Those are my updates for this month. Unfortunately there are no new stories yet on the publication horizon. But if you haven’t read Who is Rudolph Fentz?, the first of the Million Eyes Short Stories, you can still get your hands on the winter 2015 edition of Scribble magazine where it’s published.
Some thoughts on self-publishing
This won’t be my only article about self-publishing, I’m sure, since I’ve been doing it for the last 5 years. But I’ll use this article to give you a general overview of my thoughts on it.
There appear to be two modes of thinking in today’s book publishing industry….
Camp 1 says that traditional publishing, where the publisher pays you an advance, gives you a contract and royalties, and promotes your book in order to make money for both you and them, is still the way to go. Camp 1 says that self-publishing should be the last resort, that you cannot have the same level of success if you self-publish because you don’t have the backing.
Camp 2 says that self-publishing is the way to go, because traditional publishing is nigh on impossible these days. It’s too competitive. First you need an agent – that’s the first hurdle to jump. I say hurdle to jump, more like mountain to climb. And even if you reach the top and get an agent, your agent still might not find you a publisher. I know an author who found an agent years ago, but his book is still unpublished. Camp 2 also argues that the advances are much lower than they used to be, and the royalties are only a fraction of what you’d get from selling a self-published book.
Which camp am I in? Well, having tried self-publishing, I have to place myself in Camp 1. I’m yet to be traditionally published, so I might switch camps one day, but at the moment I can safely say that self-publishing hasn’t worked for me. What I mean by that is, I’m not making any decent income from my debut novel The Pendulum Swings, and my series of illustrated children’s Christmas books, The East Pudding Chronicles.
That’s not to say I don’t sell any. I sell them online from time to time, and sometimes I’ll shift a few at the odd Christmas fair. I generally sell a decent number when I visit schools and do talks (but being a copywriter, I don’t get to do this often). I’ve always had positive feedback from the people who have bought them.
However, when I first released The Pendulum Swings, I did a lot of my own promotion. I’m not a publicist or a marketer. Being a copywriter helps, because I can write my own promotional materials. But in terms of developing and executing a promotional campaign, i.e. knowing how and where to advertise and having proper communications links with the media, that’s just not my forte. Most importantly, I had no budget.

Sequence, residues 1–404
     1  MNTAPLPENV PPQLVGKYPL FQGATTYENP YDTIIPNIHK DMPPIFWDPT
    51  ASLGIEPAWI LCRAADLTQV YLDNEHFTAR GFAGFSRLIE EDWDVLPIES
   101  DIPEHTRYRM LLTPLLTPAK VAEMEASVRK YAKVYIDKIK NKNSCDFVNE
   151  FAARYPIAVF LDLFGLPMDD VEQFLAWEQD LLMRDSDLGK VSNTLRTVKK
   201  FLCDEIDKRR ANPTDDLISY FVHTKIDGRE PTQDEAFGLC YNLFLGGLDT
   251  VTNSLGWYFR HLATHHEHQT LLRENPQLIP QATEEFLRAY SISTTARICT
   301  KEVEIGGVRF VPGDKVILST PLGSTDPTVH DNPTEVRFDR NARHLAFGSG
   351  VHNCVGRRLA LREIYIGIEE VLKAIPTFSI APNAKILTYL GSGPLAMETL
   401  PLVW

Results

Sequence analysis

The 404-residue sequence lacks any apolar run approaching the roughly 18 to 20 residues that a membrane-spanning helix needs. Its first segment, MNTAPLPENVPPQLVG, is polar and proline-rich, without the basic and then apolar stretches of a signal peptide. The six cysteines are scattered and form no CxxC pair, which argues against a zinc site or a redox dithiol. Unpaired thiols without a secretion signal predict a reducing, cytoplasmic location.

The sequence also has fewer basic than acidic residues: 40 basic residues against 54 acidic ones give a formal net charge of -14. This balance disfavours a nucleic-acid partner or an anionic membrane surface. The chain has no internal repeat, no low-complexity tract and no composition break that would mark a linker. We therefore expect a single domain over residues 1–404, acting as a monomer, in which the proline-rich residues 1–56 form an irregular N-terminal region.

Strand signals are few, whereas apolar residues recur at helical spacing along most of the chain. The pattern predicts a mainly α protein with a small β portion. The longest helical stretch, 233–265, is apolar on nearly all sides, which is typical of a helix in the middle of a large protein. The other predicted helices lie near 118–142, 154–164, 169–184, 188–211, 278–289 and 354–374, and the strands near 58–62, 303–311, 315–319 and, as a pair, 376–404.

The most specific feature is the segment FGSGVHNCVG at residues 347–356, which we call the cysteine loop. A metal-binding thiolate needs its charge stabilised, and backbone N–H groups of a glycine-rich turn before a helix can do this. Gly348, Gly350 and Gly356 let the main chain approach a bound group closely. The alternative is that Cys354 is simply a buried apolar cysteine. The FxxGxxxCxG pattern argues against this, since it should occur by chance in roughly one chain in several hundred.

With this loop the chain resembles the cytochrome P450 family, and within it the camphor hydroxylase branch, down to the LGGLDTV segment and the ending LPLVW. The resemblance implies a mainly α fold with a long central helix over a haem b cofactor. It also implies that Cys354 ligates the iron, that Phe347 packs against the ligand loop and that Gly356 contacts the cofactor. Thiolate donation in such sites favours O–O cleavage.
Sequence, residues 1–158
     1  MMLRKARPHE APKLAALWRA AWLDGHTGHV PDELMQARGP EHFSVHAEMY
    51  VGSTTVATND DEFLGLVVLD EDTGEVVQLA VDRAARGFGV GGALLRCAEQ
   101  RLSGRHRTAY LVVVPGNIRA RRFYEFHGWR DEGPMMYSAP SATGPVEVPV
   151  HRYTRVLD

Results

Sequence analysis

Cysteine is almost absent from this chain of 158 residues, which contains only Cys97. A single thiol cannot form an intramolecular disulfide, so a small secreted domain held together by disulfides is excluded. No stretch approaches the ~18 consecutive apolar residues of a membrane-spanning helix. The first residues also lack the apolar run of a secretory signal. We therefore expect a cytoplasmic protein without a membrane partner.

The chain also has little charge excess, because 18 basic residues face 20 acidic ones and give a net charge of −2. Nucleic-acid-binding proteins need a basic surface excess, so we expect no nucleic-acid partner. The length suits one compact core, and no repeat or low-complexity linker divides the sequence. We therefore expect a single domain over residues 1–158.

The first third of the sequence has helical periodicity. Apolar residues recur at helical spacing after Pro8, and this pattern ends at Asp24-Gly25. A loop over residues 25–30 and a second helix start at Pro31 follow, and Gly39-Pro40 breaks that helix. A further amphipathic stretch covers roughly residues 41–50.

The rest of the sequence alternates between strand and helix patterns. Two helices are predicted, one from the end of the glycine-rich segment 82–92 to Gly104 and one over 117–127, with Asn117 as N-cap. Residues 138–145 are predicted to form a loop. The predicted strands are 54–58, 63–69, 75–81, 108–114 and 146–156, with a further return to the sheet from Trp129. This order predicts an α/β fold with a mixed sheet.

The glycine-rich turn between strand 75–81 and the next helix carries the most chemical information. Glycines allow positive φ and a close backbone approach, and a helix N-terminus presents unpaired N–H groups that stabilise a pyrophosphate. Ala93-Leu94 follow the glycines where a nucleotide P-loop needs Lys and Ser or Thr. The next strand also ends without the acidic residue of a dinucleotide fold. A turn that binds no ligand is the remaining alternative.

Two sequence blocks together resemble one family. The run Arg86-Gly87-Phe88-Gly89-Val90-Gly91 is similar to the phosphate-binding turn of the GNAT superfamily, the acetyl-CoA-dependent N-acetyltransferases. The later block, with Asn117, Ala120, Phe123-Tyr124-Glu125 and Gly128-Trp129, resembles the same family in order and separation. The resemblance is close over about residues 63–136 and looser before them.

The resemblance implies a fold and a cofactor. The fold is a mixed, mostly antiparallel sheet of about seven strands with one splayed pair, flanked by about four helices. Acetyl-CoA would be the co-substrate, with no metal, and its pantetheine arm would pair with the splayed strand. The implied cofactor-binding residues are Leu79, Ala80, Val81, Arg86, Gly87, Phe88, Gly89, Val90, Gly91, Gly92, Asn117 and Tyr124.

I had a stab at it anyway. I arranged a book signing at the office where I worked (yes, my criminal defence firm turned into a bookshop for the day). I made some cheesy, cheap-looking trailers for YouTube using the wondrous (not) Windows Movie Maker. I had a load of fliers and business cards printed. I started making films out of my poems, as another way of promoting my writing and my old website, and I did a ton of promotional Twitter statuses.
Nothing I did set the internet alight with buzz about my book. But I had limited time, limited money and limited expertise. And I think you need all of these things to make self-publishing work.
So for the time being, I’m in Camp 1. Self-publishing Million Eyes is going to be my last resort, and if it comes to that, I plan to have saved enough money to find and pay a publicist. Whatever I do with Million Eyes, I don’t want to publish it without knowing that I’ve done everything in my power to maximise its exposure.
But while I’m still a resident of Camp 1, I want to rely on someone else’s expertise, someone else’s time and money and someone else’s media links to get my book out there. Yes, okay, so all authors – including traditionally published authors – are expected to be fully involved in the promotional effort. I get that and yes, I’m totally up for that. But I want someone to steer me in the right direction, someone who also wants the book to sell – because that’s how they make their money, too.
Just my two cents. In future articles I’ll give you some insight into the way I went about self-publishing, and, if I do move to Camp 2 one day, how I would do it differently in the future.
Next week: the weirdest plague in all of history – dancing